Don’t be mad….it’s not what you think!
I was curious what the word Christmas actually meant…turns out it’s not as obvious as you’d think!
Yes, the first part of the word is in reference to Jesus Christ. It’s a form of the words “Christ’s mass,” or “Cristes Maesse” and was first recorded in 1038.
The word Christ (originally, Crīst) comes from the Greek word Khrīstos, a translation of the Hebrew word Messiah, meaning, “anointed.”
The second part of the word Christmas – maesse – is a version of the Latin word missa, the celebration of the Eucharist – eating bread and drinking wine in memory of Jesus, or Communion, as many of us know it.
The tradition of gathering together in church to celebrate who Jesus was and what he did for us was mostly centered around Easter and Pentecost. But because of the celebrations that occurred in December of a pagan origin, the religious community began to hold gatherings to honor the Lord. Thus the Christmas season began, and the birth of Jesus was celebrated in the winter.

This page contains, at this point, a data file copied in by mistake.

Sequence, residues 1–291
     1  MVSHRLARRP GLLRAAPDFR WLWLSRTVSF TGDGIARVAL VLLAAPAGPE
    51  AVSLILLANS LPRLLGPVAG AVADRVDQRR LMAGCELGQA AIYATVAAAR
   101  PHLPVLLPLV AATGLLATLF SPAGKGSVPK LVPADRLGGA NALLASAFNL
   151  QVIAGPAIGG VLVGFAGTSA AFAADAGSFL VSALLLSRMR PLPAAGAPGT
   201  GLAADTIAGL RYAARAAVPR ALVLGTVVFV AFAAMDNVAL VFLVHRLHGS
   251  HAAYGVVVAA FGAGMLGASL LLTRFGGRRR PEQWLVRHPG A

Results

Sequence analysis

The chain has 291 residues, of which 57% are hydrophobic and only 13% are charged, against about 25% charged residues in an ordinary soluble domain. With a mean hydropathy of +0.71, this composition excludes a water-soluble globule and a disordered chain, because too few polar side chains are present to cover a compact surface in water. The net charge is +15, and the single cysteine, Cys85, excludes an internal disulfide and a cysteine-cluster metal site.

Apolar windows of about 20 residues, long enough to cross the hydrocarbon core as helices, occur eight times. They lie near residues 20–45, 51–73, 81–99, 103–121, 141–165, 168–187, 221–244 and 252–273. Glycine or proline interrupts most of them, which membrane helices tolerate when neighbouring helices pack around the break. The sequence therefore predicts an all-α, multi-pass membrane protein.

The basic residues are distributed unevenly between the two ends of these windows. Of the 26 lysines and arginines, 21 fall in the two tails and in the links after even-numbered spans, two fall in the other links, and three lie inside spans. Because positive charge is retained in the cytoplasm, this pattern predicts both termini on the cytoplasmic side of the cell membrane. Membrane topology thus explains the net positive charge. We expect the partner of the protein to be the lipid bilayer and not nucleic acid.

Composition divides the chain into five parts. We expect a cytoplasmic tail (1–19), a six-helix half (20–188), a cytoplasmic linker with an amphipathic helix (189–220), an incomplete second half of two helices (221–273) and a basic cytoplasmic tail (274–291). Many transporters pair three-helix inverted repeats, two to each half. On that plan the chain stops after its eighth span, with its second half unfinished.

So what about the “heathens” who write x-mas?! Are they taking Christ out of Christmas?! Well, turns out it’s not an elimination of Jesus at all!
Khrīstos (the origin of the word Christ) appears as “Χριστός” when written in Greek. This abbreviation first appeared in the 16th century and was in direct reference to Jesus! The intention of this abbreviation was never meant to take Christ out of Christmas.
Whatever way you look at it, who Jesus is and what he did for us is worthy to be celebrated. No matter what anyone else’s intention is, this time of advent is for you to reflect on Jesus. As Christmas fast approaches, if it’s not already in your plan, I invite you to join together in a community of faith to celebrate the birth of the savior of the world, Jesus.